Another 1.5 km along the track and on the far side of the Corredor Verde (see note under the map above) I checked out another site where I've previously had the species – and just after I arrived I heard one calling. A moment later I located it in a nearby flower rich field. This area is one I ought to visit more often and spend longer exploring – there's a good chance of Spanish Sparrow or Woodchat Shrike en route, the reedy channel here can hold herons and, best of all, there's a chance of Spanish Imperial Eagle (and other raptors) in the hills above.
Having done well at an established site I decided to check out another area I'd only previously explored very briefly and have been meaning to check out for a year or two. Only 2.3 km north-west from Los Badelejos on the A 2225 a broad well maintained gravel track heads off to the east (i.e. on your right as you come from Benalup). Initially the scrub here looks no more interesting than elsewhere (although might it hold Red-necked Nightjar?), but shortly after you cross the Corredor Verde and the track swings to the left, a vista across herb and flower rich fields opens up.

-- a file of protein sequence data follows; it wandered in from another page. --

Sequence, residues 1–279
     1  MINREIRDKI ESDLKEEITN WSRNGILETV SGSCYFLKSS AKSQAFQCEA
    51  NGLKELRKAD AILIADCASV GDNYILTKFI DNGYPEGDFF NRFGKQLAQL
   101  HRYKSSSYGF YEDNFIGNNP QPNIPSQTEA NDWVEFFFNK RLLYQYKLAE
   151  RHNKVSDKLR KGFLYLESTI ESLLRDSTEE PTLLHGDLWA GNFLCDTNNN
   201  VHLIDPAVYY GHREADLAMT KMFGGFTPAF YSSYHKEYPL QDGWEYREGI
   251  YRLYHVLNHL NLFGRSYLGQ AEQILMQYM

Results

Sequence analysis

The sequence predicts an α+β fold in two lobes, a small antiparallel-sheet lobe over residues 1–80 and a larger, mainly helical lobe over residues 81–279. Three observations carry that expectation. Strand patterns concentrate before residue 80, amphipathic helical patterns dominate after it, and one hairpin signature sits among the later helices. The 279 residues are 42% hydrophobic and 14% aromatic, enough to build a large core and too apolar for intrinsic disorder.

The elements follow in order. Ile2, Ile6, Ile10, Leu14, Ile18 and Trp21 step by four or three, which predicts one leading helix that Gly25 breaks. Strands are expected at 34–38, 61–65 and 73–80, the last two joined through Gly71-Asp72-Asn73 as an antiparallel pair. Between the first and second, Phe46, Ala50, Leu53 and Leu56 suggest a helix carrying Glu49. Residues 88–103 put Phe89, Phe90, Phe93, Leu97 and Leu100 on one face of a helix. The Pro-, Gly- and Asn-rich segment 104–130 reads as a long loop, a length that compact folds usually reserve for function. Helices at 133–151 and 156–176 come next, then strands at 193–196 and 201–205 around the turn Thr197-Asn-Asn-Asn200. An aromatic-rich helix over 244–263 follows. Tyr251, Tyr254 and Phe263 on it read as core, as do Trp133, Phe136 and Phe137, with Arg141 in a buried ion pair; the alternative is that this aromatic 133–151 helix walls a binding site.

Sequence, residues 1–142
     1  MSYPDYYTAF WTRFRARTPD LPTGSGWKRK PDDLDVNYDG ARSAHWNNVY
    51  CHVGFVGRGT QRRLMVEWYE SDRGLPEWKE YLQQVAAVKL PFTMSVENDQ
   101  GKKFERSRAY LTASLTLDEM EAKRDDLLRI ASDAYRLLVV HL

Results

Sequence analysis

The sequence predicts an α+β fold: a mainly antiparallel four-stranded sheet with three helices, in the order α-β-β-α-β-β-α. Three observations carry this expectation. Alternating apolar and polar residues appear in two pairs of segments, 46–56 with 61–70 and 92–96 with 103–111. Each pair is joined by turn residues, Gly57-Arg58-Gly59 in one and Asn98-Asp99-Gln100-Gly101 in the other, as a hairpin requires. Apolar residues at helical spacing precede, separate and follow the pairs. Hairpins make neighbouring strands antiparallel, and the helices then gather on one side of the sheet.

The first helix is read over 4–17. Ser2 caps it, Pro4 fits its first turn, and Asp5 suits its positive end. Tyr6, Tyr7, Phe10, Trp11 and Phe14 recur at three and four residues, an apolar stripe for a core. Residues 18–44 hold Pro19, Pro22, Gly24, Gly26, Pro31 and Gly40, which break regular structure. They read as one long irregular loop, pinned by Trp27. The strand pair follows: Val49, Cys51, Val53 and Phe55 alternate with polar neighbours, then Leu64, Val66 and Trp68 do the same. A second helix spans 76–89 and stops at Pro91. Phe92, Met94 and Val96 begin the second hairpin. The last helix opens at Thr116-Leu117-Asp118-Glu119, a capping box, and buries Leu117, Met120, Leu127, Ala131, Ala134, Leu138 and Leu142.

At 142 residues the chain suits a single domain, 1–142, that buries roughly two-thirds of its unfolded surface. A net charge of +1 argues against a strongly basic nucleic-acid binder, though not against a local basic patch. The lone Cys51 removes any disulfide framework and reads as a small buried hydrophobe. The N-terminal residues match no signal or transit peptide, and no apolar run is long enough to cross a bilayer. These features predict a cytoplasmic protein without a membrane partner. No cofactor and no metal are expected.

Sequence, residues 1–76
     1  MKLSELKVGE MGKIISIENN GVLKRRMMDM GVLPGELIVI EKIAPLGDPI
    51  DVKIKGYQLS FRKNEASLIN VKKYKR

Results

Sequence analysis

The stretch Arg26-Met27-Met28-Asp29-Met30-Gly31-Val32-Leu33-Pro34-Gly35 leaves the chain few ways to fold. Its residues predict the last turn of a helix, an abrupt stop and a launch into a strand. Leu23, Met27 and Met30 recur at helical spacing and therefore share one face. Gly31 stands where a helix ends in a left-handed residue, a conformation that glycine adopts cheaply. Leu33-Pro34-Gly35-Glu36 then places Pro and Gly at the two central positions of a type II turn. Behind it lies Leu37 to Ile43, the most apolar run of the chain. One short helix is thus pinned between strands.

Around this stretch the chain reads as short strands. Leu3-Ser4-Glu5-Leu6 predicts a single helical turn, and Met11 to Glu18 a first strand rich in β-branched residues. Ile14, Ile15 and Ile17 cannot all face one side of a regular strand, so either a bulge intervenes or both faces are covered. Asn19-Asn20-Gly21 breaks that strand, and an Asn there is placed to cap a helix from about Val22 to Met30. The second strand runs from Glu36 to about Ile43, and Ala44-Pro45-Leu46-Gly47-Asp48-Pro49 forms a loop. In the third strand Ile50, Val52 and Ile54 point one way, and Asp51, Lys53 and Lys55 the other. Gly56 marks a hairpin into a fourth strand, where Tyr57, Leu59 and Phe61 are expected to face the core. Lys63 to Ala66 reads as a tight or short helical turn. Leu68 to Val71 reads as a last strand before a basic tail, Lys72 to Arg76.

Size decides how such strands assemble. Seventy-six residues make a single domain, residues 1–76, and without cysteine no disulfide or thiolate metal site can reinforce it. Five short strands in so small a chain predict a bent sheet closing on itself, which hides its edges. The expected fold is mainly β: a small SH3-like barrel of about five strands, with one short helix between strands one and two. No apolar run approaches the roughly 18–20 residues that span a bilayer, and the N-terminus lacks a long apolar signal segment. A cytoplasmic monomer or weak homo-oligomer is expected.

I've seen Calandra Lark, Montagu's Harrier and Stone Curlew here in the past, but with none of these nor any bustards in view I opted to continue along the track. At each turn I fully expected this track to peter out or be blocked with a gate, but as the fields gave way to scrub then open dhesa, scrub with cacti hedges and a mosaic of other habitats the track kept on rolling on before me. It was only after 9 km that the excellent track gave way to a narrow rutted track. I only managed to scratch the surface of this route which promises much. Certainly there's a good chance of Spanish Imperial Eagle (which breed close by), possibly Bonelli's Eagle (I've seen them in the general area in the autumn) and migrating raptors, but what passerines may lurk here is anyone's guess (habits which looked suitable for a variety of birds, including Rufous Bushchat and Orphean Warbler, were certainly present). There's even a small pond along the route although the many Mallards present were obviously semi-domesticated as they quickly came to the call of a worker who arrived with feed for them!